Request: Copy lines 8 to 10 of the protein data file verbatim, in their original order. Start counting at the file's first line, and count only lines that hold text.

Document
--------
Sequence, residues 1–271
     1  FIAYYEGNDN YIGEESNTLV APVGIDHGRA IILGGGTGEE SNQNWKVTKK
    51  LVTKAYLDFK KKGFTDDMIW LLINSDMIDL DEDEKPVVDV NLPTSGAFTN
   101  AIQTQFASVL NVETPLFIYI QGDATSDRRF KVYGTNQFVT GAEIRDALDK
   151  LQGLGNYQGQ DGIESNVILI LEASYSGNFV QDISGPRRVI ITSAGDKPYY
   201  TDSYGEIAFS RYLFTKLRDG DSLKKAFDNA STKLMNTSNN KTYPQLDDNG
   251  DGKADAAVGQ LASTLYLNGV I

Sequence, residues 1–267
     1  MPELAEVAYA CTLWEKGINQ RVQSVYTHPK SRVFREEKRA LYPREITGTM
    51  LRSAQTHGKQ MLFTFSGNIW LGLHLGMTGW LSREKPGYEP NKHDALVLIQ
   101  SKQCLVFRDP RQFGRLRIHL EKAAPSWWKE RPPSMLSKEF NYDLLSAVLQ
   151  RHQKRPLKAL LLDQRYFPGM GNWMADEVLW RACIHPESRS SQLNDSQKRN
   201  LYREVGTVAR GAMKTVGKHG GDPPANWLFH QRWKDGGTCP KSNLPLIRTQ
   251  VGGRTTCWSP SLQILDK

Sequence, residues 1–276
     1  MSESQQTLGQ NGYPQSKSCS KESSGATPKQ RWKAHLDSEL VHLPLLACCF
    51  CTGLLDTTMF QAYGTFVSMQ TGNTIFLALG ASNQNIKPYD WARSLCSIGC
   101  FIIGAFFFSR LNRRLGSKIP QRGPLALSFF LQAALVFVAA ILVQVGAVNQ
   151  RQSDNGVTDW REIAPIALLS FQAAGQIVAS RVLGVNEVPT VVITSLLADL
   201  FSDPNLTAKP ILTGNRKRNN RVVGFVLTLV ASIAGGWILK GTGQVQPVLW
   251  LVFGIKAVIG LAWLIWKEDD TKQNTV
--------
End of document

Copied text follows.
Sequence, residues 1–267
     1  MPELAEVAYA CTLWEKGINQ RVQSVYTHPK SRVFREEKRA LYPREITGTM
    51  LRSAQTHGKQ MLFTFSGNIW LGLHLGMTGW LSREKPGYEP NKHDALVLIQ